Aside from his aforementioned effort in Sicily, Bjerregaard also has a 3rd place finish in this event to his name back in 2015 at Monza where three pars to finish left him agonisingly one shot short of the play-off eventually won by Rikard Karlberg, however that effort sparked a run of form that saw him finish inside the top-10 on 4 of his next 7 starts and establish himself in many punters’ notebooks as a winner in waiting. Last year’s Golf Sixes win alongside Thorbjorn Olesen gave him a boost of confidence that eventually culminated in his maiden European Tour title at Vilamoura where he did exactly what he’s been doing these past few weeks – he controlled the ball from off the tee, hit plenty of greens and topped the putting charts – a very potent combination for any golfer. 25-under for the par 5s on his last 3 starts and 70 birdies and an eagle over that time is mightily impressive and I can find no reason whatsoever to oppose him here this week. RESULT: T71
Matt Wallace 1.5pts EW 55/1 with Betfred
It’s easy to forget that a little over 12 months ago Matt Wallace had just graduated from the Alps Tour and was starting to find his feet on the European Challenge Tour where he’d shown some promise with a 3rd place finish in Kenya. All that changed though as he essentially leapfrogged the second tier by winning the Open de Portugal on a parkland track new to most of the field which earned him immediate promotion to the European Tour and the 28 year-old has barely looked back since. Another victory on the European Tour in March, this time in India, elevated the Englishman inside the OWGR top 100 for the first time in his career and he’s shown no real sign of stopping with a 3rd place effort in China on his penultimate start which earned him a start in one of the marquee groups alongside Tommy Fleetwood and Ian Poulter last week. 20th place overall at Wentworth isn’t a disaster by any stretch of the imagination and showed huge improvement on the 76/77 missed cut from the previous year, however it was his Total Driving performance on the week where his combination of length and accuracy ranked an impressive 4th in the field that resonates most.
4th in last year’s Italian Open will undoubtedly attract the attention of golf punters despite the fact that it was achieved on a different track, however it’s Matt’s Alps Tour record which really catches the eye. Clearly achieved at a lower grade, the Londoner managed to rattle off a record 6 victories in 2016 at that level, 3 of which were on Italian soil including the Grand Final itself and he clearly feels comfortable in the surroundings. With his long game working nicely and a putter which can undoubtedly catch fire – he topped the field for putting average in that aforementioned effort in China – there’s certainly enough scope to suggest another big week is possible here. RESULT: T51
Erik van Rooyen 1pt EW 80/1 with Betfred
The temptation this week was to go back in with Matthew Fitzpatrick after he finished a shot outside the paying places for us last week, however his price has virtually halved for that effort and I’ll reluctantly pass. Sam Horsfield and Sebastian Gros both caught the eye at various points last week, however I’ll complete my team for this week with South Africans Erik Van Rooyen and Dean Burmester.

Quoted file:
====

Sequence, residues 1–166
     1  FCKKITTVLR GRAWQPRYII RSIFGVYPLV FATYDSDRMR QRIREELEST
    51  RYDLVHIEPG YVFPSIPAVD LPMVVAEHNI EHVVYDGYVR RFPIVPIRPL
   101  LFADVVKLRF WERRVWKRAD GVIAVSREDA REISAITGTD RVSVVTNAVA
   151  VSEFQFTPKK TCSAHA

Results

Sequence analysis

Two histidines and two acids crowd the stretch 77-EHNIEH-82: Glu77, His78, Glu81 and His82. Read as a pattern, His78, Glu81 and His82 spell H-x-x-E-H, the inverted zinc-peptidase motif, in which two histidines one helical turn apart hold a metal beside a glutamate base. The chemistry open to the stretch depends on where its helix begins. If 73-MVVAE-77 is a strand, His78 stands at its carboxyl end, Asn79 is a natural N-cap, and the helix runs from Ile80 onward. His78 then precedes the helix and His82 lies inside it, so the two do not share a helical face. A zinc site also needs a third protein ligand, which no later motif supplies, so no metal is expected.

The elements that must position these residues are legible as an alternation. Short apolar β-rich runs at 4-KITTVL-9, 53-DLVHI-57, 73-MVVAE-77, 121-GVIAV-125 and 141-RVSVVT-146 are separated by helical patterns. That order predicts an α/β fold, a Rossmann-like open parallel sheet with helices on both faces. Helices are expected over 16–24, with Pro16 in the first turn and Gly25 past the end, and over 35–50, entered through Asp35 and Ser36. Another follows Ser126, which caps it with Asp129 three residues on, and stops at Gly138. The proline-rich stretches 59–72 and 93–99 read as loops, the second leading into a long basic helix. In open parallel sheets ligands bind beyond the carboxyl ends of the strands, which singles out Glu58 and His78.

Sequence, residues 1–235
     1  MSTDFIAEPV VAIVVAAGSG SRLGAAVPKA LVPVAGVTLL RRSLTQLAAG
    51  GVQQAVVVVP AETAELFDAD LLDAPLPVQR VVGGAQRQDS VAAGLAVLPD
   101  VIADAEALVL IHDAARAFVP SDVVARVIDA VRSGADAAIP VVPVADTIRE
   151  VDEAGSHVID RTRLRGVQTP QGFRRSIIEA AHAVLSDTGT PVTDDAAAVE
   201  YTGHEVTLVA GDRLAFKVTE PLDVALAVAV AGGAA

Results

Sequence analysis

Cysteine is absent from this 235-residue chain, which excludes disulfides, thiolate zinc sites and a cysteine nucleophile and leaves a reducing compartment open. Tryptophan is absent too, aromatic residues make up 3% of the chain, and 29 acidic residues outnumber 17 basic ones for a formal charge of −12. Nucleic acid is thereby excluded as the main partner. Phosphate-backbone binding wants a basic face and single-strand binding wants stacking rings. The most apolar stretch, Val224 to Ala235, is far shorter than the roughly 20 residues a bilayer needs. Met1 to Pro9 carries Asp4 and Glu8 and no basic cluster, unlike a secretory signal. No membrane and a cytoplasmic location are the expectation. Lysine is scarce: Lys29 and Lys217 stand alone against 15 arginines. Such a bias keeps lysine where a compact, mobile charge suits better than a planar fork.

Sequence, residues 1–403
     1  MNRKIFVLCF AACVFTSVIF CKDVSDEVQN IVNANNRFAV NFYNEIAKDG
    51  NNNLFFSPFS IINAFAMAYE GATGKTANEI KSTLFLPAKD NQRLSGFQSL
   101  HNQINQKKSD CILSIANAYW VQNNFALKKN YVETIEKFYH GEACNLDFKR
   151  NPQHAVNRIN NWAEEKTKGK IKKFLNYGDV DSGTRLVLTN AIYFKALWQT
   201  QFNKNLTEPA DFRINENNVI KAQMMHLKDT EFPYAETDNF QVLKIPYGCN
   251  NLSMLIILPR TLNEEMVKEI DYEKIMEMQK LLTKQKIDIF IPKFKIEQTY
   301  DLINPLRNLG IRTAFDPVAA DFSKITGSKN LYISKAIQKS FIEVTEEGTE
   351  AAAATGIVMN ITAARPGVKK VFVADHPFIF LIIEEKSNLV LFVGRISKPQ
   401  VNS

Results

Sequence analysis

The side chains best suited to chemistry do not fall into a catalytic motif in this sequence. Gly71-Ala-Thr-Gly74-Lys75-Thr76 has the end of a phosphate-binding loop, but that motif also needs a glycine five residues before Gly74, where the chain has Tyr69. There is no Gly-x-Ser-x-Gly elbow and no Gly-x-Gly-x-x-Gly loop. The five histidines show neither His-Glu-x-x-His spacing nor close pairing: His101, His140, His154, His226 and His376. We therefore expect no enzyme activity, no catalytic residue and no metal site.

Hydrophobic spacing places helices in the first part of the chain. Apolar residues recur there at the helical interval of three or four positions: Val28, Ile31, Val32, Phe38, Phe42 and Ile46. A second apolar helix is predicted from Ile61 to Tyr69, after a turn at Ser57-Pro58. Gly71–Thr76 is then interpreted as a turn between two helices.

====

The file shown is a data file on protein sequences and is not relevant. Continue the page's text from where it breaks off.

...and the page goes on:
Many a shrewd judge has Erik van Rooyen earmarked for bigger and better things and his rookie European Tour season is ticking along very nicely as he sits 40th in the Race to Dubai at present courtesy of a runner-up finish behind Shubhankar Sharma at the Joburg Open, a 7th place finish in Morocco and a 20th place finish last week on his Wentworth debut. Aside from averaging over 308 yards from off the tee, the South African also ranks 5th for GIR for the European Tour season-to-date which bodes well for this week’s test. When his game is on he can churn out an exceptional number of greens – 90.3% in that aforementioned Joburg effort and 83.3% (2nd in the field) at the South African Open on his following start are testament to that. 10-under for the par-5s last week at Wentworth is promising despite having to reign back his drives a little to ensure he hit more fairways and greens – to that end he adapted his game well to rank inside the top-20 for both Driving Accuracy and GIR in Surrey. 12th on the Challenge Tour on his only start on Italian soil also offers some encouragement and if the 28 year-old can find a spark with the putter here this week then he could be a danger. RESULT: T42
Dean Burmester 1pt EW 90/1 with Betfred
For the second consecutive year, Dean Burmester has made a decent fist of playing the West Course at Wentworth, this time finishing 12th as opposed to last year’s 9th place effort. For a player with his power off the tee that’s a decent return, however we shouldn’t be overly surprised really given that his history suggests that he has a liking for classical style tracks. Despite having won 7 times on the Sunshine Tour, only one of those ranked as a European Tour victory also and that holds some relevance as it was achieved on the classical, parkland track at Pretoria CC which is of similar style and length to this week’s test. After last year’s effort at Wentworth the 28 year-old didn’t play for the best part of a month and went on to miss his next two cuts, however jumping straight back in the saddle this year could well produce a different result and we know from his 4th place finish in Dubai last year that he’s comfortable mixing with the top end of the European Tour. A couple of 3rd place finishes this season in South Africa and a 30th place effort at the WGC Mexico Championship is good enough underlying form to suggest that he can go well here this week and he should lap up the par-5s here this week with his long bombing from off the tee. RESULT: T30